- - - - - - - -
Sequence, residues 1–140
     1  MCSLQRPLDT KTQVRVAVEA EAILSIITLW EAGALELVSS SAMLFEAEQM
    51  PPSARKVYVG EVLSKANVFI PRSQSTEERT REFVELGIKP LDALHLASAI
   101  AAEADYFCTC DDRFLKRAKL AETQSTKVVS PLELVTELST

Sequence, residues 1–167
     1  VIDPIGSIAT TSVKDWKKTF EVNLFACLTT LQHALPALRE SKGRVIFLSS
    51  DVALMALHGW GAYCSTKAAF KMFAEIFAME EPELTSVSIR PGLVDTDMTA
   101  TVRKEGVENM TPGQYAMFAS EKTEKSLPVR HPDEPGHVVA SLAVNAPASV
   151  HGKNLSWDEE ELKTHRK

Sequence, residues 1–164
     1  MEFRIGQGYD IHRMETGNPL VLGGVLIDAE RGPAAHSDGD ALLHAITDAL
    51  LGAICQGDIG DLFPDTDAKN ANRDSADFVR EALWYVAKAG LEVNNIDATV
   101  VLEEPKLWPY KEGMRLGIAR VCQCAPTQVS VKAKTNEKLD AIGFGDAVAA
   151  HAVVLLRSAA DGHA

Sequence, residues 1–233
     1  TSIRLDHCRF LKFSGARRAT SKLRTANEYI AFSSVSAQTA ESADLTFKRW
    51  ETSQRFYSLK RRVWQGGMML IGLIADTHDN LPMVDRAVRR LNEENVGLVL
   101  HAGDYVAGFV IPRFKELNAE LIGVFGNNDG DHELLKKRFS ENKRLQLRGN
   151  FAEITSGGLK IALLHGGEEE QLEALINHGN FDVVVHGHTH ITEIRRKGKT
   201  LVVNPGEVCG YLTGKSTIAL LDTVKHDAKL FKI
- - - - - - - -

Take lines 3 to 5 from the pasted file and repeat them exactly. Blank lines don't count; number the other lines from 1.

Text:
    51  PPSARKVYVG EVLSKANVFI PRSQSTEERT REFVELGIKP LDALHLASAI
   101  AAEADYFCTC DDRFLKRAKL AETQSTKVVS PLELVTELST

Sequence, residues 1–167